Air conditioning units available for those susceptible to effects of extreme heat and humidity
√ Applications for cooling assistance accepted beginning May 1
Gov. Kathy Hochul announced $15 million is available through the Home Energy Assistance Program to help vulnerable, low-income New Yorkers without air conditioning to stay cool during the heat of summer. Overseen by the state Office of Temporary and Disability Assistance, the program can provide an air conditioner to eligible households that include someone who has a documented medical condition exacerbated by extreme heat, or households with young children, or older adults.
"The cooling assistance program is a vital lifeline for countless New York families who often face prohibitively expensive cooling costs when temperatures inevitably rise," Hochul said. "As temperatures rise across the state, we are committed to ensuring that low-income and disadvantaged households have the means to stay safe, comfortable and cool in their own homes."
To qualify for the federally funded program, applicants must meet HEAP eligibility criteria and income thresholds, which vary by household size, and include at least one member of the household that suffers from a medical condition worsened by extreme heat, or is under age 6, or over age 60. For example, a household of four can earn up to $65,829 a year, or $5,485 per month, and still qualify for assistance.
The program covers the cost of an air conditioning unit and installation. Up to 18,500 households are expected to be served throughout the state.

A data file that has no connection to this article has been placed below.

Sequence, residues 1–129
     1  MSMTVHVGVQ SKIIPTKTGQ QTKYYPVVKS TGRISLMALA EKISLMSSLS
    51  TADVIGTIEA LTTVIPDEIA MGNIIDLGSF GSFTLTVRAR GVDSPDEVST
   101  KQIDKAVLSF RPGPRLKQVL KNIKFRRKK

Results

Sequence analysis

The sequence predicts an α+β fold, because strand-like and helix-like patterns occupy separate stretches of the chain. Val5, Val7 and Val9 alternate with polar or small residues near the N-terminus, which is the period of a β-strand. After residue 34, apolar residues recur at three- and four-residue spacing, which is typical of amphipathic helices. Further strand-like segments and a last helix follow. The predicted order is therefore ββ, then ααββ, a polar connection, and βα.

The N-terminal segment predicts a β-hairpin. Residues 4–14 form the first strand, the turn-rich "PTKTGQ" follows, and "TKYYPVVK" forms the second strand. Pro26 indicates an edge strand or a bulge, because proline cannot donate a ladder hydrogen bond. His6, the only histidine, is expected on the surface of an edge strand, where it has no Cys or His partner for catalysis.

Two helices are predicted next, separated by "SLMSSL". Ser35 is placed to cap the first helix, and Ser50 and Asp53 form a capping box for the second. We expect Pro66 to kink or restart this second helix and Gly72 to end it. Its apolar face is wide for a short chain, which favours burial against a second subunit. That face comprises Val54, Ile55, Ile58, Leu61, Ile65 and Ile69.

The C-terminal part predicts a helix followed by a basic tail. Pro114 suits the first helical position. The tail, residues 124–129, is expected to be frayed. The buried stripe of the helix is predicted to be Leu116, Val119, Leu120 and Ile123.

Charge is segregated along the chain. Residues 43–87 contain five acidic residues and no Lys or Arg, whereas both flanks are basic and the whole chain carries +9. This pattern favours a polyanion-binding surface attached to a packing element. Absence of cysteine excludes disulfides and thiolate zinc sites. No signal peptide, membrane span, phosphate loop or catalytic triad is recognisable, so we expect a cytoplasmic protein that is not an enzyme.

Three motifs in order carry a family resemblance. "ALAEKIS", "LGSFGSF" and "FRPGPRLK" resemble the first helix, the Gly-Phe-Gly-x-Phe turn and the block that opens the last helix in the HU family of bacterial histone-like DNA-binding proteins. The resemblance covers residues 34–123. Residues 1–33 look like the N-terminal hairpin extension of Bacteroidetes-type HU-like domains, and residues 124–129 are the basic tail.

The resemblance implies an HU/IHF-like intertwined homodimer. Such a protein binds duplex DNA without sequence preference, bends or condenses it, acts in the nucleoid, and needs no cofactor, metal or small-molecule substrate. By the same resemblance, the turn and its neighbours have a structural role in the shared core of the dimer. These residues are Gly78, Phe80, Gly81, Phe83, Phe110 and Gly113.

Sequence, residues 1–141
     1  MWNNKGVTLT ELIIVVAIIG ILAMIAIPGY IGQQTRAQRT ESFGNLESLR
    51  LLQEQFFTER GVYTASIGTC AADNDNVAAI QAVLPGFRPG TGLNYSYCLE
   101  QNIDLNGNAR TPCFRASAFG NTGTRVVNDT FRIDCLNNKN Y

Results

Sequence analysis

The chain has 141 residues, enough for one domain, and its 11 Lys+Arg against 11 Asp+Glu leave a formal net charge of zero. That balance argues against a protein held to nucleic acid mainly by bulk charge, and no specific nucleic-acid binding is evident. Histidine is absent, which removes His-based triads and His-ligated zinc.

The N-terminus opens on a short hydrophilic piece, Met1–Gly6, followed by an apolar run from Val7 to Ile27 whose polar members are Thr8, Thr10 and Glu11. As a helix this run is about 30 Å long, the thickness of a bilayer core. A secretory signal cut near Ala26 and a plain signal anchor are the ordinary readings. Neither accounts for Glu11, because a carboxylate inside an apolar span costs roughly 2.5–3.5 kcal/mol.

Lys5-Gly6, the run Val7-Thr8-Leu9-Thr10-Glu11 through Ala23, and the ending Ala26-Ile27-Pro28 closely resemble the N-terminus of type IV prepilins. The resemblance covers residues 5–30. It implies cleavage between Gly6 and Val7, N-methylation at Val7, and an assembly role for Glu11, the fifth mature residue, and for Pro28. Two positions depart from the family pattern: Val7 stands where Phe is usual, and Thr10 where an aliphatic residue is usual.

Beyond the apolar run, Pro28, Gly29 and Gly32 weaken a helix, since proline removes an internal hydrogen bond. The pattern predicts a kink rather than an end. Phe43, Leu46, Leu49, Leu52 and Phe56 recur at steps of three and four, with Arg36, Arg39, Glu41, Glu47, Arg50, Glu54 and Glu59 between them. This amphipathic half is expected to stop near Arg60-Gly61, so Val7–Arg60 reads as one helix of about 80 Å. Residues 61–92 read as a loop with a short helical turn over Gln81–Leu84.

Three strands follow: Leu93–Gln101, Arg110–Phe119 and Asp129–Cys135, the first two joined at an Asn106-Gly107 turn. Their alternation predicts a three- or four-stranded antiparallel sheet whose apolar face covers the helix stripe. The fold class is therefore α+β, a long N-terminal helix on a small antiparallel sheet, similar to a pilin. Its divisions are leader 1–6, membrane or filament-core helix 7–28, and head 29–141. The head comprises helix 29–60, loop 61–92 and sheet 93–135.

Applications for cooling assistance will be accepted starting Monday, May 1, through Aug. 31, or until funding runs out. Assistance is provided on a first-come, first-served basis.
Residents outside of New York City may apply by contacting their local departments of social services by phone or in person. New York City residents may apply in person at a local HRA Benefit Access Center, by phone, or online at access.nyc.gov.
Last year, for the first time, eligibility for cooling assistance was expanded by dropping the medical requirement, and more than 23,500 households received assistance. Eligibility requirements were adjusted again this year to prioritize serving the most vulnerable households – those that include someone with a medical condition exacerbated by heat, or young children, or older adults.
More than 54,000 households throughout New York have benefitted from cooling assistance over the past five years.
New York State Office of Temporary and Disability Assistance Commissioner Daniel W. Tietz said, "Extremely hot and humid weather can put some of our most vulnerable fellow New Yorkers, including those with medical conditions, older adults and young children, in grave danger. Anyone who may be eligible is encouraged to apply for this potentially lifesaving assistance as soon as possible."
New York State Office for the Aging Acting Director Greg Olsen said, "Extreme heat poses a major health and safety risk to older adults, especially those with chronic health conditions. Air conditioners can be a lifeline during increasingly common heat waves. I encourage all eligible older adults in need to apply for the HEAP cooling assistance benefit to prepare for the summer months ahead. Local offices for the aging stand ready as a resource to help older adults in the application process."
U.S. Rep. Paul Tonko said, "With temperatures on the rise, ensuring Americans remain safe and cool is critical. I'm proud of my work to secure these federal dollars, strengthen HEAP, and make sure families can afford their home energy bills. I encourage eligible New Yorkers to apply for this important program and stay cool this summer."